The Slatest

Absurd and Fascinating Birtherism Crisis Wreaks Havoc in Australian Parliament

Australian Deputy Prime Minister Barnaby Joyce has found himself on the verge of losing his position because of his New Zealand heritage.

Matt King/Getty Images

Birtherism is back in the political news, this time in Australia—and unlike the nutty theories about former President Barack Obama, the accusations are based in reality and are costing politicians their jobs. In the latest and daffiest chapter in the saga, Australian Deputy Prime Minister Barnaby Joyce was nominated for 2018 New Zealander of the Year.

A few weeks ago, no one would have imagined he was eligible for the award. But over the past month, several members of the Australian Parliament, including Joyce, have learned a thing or two about their citizenships, running afoul of the constitution in the process. Section 44, now the Australian Constitution’s most famous section, states that a person is ineligible to be elected to the Senate or the House if they are “under any acknowledgment of allegiance, obedience, or adherence to a foreign power, or is a subject or a citizen or entitled to the rights or privileges of a subject or a citizen of a foreign power.” In other words, dual citizens may not run for office unless they renounce their transnational rights, regardless of whether they feel any allegiance to another country or are even aware of their status. “Citizen” is defined loosely, with many people entitled to the privileges of foreign nationals without actually holding the passport.

It all started on July 14, when popular Greens party Sen. Scott Ludlam stepped down after discovering that he had always been a New Zealand citizen, having received Kiwi rights by default from being born there. He was quickly followed by fellow Greens Sen. Larissa Waters (who made headlines earlier this year for being the first to breastfeed on the Parliament floor), who realized that Canada had changed its citizenship laws since her birth there to allow for dual citizenship, making her a Canadian and disqualifying her from the Australian Senate.* The Australian Greens were derided by the government as careless and unprofessional, with Prime Minister Malcolm Turnbull calling it “incredible sloppiness” and “extraordinary negligence.”

Yet it was only the beginning of a Section 44 purge that would begin wiping out members of Parliament by the handful. By July 25, the citizenship shoe was on the other foot. Resources Minister Matt Canavan realized his mother had applied for Italian citizenship on his behalf and resigned from the Cabinet, with the government referring the case to the High Court. There was a rush of overseas-born MPs falling over themselves to produce letters of renunciation, proof of their singular loyalty to Australia. Independent Sen. Nick Xenophon, of Cypriot heritage, teamed up with Iranian-born Labor Party Sen. Sam Dastyari to conduct a mock trilingual press conference to point out that they, as two of the Senate’s more exotic members, were not the ones getting caught out by Section 44. (“We’re feeling much more Aussie than our colleagues today,” quipped Dastyari.) Soon after, Xenophon discovered he was in fact a British citizen because Cyprus had been under British colonial rule when his father fled to Australia in 1951; Xenophon thus referred himself to the High Court.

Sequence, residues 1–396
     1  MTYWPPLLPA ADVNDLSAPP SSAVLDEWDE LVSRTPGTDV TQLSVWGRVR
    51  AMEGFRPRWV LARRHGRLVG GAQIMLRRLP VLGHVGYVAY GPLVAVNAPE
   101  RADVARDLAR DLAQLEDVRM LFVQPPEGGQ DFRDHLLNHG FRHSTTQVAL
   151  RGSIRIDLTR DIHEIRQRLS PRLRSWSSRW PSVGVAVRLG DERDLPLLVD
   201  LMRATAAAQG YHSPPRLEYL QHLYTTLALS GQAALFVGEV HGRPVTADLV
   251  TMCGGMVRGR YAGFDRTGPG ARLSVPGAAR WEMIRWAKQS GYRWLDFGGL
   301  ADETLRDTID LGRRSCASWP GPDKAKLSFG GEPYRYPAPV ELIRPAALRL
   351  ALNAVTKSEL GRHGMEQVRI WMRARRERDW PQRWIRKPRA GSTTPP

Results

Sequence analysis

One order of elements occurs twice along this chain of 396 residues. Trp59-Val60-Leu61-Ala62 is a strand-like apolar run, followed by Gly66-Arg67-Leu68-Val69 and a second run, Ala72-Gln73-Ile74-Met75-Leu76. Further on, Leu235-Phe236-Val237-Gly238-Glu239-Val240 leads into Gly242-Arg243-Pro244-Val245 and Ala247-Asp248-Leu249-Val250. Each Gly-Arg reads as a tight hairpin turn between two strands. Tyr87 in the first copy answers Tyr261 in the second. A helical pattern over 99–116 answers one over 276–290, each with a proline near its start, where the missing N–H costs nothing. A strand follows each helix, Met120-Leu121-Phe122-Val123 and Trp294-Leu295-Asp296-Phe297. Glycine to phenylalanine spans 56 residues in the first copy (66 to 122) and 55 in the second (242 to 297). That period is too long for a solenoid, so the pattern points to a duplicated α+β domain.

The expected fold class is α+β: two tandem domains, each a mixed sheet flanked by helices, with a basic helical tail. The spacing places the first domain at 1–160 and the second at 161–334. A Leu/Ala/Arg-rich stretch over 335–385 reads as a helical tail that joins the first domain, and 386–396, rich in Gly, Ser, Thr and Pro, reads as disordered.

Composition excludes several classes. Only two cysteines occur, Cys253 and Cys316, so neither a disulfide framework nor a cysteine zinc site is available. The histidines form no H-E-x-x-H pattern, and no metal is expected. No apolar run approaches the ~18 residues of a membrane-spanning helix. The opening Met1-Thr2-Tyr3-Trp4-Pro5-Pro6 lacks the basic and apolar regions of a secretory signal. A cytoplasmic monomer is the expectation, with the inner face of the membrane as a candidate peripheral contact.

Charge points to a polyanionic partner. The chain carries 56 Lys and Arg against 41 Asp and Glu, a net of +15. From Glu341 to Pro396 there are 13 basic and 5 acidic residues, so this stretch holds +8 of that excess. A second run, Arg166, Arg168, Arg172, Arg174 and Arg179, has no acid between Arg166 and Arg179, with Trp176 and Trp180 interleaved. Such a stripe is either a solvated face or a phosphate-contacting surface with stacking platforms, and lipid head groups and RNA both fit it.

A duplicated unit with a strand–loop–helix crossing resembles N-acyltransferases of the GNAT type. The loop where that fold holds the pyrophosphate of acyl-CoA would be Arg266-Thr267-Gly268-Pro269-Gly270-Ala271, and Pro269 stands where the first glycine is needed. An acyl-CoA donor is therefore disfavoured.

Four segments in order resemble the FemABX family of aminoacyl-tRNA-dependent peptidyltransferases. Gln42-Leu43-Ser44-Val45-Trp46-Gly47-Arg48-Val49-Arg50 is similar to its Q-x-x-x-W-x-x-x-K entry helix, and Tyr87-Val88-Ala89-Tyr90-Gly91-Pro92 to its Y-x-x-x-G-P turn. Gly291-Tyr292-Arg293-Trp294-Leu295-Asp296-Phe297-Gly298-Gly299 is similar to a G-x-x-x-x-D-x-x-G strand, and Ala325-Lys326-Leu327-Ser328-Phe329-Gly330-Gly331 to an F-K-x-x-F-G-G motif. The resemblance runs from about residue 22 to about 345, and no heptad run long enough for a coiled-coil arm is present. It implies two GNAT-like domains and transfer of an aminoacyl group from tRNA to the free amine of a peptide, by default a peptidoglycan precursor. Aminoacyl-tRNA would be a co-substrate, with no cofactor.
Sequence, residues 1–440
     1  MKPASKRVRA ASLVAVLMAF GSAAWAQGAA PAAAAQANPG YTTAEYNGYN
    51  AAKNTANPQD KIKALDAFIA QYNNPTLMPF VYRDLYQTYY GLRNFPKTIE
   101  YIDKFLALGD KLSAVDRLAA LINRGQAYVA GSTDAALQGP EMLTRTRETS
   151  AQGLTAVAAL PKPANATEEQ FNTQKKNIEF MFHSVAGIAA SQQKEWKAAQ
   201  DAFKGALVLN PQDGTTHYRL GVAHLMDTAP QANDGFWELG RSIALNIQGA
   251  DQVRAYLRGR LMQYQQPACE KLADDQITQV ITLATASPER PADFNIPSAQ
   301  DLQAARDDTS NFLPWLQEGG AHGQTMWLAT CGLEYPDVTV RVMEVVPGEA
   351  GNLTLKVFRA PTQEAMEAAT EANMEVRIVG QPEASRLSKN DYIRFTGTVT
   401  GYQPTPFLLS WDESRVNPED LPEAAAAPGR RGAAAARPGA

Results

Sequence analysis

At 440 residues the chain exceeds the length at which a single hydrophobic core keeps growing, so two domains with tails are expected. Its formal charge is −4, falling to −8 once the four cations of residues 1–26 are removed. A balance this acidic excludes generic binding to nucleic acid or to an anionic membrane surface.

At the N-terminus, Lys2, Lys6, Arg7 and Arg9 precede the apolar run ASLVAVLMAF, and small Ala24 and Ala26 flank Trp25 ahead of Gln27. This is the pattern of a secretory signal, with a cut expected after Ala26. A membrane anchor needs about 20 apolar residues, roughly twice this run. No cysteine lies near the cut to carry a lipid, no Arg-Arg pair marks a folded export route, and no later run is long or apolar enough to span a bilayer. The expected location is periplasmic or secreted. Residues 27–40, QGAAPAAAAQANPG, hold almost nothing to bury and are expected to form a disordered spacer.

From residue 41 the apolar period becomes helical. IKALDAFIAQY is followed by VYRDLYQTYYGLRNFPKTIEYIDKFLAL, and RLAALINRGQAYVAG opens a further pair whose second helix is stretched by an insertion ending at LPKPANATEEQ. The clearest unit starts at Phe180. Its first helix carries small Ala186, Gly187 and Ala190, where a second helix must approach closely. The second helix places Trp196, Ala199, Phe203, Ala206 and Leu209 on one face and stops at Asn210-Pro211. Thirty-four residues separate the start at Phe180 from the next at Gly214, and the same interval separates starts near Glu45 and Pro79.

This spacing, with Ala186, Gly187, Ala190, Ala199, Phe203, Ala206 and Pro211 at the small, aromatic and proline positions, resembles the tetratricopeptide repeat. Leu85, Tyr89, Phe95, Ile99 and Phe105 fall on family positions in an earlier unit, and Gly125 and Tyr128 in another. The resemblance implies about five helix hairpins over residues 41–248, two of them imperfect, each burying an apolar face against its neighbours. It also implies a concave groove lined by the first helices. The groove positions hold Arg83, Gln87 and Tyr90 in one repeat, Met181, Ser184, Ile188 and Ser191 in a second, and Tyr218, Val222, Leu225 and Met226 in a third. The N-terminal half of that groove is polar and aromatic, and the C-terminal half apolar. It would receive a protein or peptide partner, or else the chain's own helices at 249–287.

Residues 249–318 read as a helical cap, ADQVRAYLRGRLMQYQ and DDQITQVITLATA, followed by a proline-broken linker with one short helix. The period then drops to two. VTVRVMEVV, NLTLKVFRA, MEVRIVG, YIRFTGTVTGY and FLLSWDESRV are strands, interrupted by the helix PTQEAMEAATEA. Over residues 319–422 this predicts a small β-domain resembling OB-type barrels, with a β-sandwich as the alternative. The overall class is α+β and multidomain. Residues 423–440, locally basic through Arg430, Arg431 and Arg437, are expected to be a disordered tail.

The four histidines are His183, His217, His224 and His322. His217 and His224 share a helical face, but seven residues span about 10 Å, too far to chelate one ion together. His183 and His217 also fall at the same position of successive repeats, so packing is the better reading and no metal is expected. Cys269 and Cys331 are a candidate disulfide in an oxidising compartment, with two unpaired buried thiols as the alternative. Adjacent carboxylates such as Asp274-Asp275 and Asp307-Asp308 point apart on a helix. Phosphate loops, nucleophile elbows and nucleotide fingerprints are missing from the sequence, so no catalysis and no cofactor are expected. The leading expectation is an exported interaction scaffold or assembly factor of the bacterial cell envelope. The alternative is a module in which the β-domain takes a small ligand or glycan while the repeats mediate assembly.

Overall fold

Sen. Malcolm Roberts of Australia’s white nationalist party, One Nation, was probably a citizen of two nations at the time of his 2016 election, as confirmation of his British renunciation did not arrive until five months later. Disqualified senators are one thing: By law, they can be replaced by the next candidate of that party on the ballot. But in the lower house, the position must be filled by special election. If newfound Kiwi Barnaby Joyce—whose father was born in New Zealand and who has now been confirmed to be a citizen by the New Zealand Department of Internal Affairs—loses his seat, he may take the whole government down with him: The Liberal-National coalition holds the government by a one-vote majority. Foreign Minister Julie Bishop went so far as to accuse the opposition Labor Party and the New Zealand Labour Party of colluding to “undermine the Australian government.

The farce has reached peak absurdity, with each new announcement less surprising than the last. And truly, it has revealed the depth of partisan double standards: It’s deliciously entertaining when it happens to a pollie you despise but a preposterous tragedy when it happens to one of your own. Although Ludlam and Waters announced their immediate resignations (with conservatives even calling for them to pay back their salaries), those on the right have refused to step down, deferring their resignations until after an October High Court challenge, which experts agree they are likely to lose. Though the law is arcane, it is—as Joyce himself insisted when it was the Greens who had violated it—“written in black and white and it has to be complied with,” and it seems unlikely that the man who once threatened to kill Johnny Depp’s dogs will survive (politically speaking).

Written in the 1890s, when multiculturalism was perceived as a threat, Section 44 makes little sense today. And it’s those who have the most tangential links to other countries who are being caught out by it. Candidates who are aware of their second citizenship regularly renounce. (Two of the past four prime ministers were born in the U.K. and renounced.) It’s those with the weakest connection to their foreign nationality who are losing their jobs.

Poor Barnaby. Unknowingly a New Zealander by birth, the deputy prime minister may soon lose his title. But at least he’s now in the running for an even greater honor: Kiwi of the Year.

*Correction, Aug. 30, 2017, at 6:56 p.m.: This article originally described the process by which Waters was conferred with dual citizenship inaccurately.